By Kara Herlihy

Construction will soon be underway on Warren's first affordable housing complex, Wheeler Brook, located on the former Blue Tooth parcel on the Sugarbush Access Road.

Construction on Wheeler Brook is slated to begin within the next few weeks.

A former night club and après-ski landmark, the Blue Tooth was deconstructed by ReCycle North of Burlington last month. Materials salvaged from the Blue Tooth including truckloads of lumber, dimensional and sheet goods were salvaged for reuse and sale in ReCycle North's building material center.


Additional building materials including 250 pounds of nails, a roof's worth of four-foot six-inch beams, doors, some of the windows and doors, and a pallet of decorative rocks were collected for resale as well, according to Tom Grocki, the director of the building materials center at ReCycle North.

Grocki also said that a local Warren builder purchased $1,100 worth of Douglas fir beams that were salvaged from the Blue Tooth.

Other building site materials including bar tables, stools, and chairs, and "an enormous amount of lumber" will be up for sale at ReCycle North's new "Waste Not Want Not" wood shop, opening on July 23 in Burlington, according to Grocki.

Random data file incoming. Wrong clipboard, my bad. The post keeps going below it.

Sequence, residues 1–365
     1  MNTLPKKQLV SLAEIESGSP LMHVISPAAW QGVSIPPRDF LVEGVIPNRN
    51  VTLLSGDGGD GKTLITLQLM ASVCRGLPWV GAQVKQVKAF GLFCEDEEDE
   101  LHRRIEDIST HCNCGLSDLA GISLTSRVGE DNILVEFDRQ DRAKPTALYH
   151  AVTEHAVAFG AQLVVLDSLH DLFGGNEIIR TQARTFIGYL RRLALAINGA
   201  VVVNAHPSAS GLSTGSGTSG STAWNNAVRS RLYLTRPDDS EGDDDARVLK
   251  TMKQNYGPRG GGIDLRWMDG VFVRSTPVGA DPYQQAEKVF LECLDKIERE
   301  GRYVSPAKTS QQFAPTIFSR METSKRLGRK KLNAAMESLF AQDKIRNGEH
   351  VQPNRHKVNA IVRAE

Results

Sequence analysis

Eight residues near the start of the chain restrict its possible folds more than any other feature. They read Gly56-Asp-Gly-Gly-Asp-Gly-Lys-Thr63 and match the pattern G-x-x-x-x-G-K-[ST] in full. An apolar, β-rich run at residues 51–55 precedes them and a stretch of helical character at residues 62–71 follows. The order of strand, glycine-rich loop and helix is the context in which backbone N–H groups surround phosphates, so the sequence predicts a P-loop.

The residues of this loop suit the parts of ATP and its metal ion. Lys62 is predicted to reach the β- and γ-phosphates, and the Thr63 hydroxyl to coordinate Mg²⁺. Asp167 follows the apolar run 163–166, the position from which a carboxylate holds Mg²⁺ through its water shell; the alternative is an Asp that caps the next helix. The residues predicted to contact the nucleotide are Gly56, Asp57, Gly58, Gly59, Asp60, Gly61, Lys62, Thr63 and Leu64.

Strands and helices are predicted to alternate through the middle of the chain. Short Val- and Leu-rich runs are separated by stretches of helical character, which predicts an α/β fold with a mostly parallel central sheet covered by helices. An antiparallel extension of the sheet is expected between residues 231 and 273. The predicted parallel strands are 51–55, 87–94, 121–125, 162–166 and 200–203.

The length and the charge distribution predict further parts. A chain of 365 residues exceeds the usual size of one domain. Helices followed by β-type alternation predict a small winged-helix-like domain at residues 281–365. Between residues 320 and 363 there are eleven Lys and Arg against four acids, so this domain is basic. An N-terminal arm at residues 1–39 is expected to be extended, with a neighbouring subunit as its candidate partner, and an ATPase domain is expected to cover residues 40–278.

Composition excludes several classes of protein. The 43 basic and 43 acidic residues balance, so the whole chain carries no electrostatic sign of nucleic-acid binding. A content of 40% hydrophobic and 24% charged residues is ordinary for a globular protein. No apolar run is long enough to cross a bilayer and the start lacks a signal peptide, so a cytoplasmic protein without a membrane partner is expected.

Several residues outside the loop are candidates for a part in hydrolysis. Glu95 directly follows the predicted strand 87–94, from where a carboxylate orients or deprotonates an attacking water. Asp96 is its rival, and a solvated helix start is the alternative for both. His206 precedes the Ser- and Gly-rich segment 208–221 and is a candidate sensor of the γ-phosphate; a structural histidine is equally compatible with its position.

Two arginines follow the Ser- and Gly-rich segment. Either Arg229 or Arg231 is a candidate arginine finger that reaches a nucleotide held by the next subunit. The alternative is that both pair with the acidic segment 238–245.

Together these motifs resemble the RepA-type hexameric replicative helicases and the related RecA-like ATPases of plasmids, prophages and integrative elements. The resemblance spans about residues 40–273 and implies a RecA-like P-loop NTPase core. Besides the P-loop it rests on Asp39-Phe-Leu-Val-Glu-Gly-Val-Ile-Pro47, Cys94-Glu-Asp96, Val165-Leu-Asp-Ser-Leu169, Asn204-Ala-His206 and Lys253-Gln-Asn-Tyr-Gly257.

The affordable housing complex that is set to take the Blue Tooth's place will consist of 18 units that will sit on a roughly nine-acre property. Plans also call for 16 of the units to be rented at rates affordable to residents making no more than 60 percent of the median income for the county. Two units will be rented at market rates.

The complex will have three buildings surrounding one common green space. Bill Maclay of William Maclay Architects and planners said the goal is use trees and vegetation to shield the development from the access road and restore a more "rural" feel to the location. Front entrances to the units face a winding driveway away from the access road.

In May, the Warren Select Board approved a proposal to open cut the Sugarbush Access Road to connect the project to a hydrant.


Senior Project Developer Kathy Beyer of Housing Vermont was present at the May 13 meeting of the Warren Select Board to discuss whether they should bore under the road to connect to the water line, or open cut the road for access.

The proposal was approved under several conditions including keeping the roads open at all times, maintain a supervising engineer on site, and investigating putting utilities for the complex into the same trench.

In April, Housing Vermont and the Central Vermont Community Land Trust received $475,000 in funding for the project through the Vermont Community Development Program. The town of Warren was a co-applicant for the funding.

Officials have said that rent at Wheeler Brook will not be subsidized. A combination of federal tax credits, low-interest loans, and other funding sources allow the organizations to keep development costs low and rent units at less than market rates.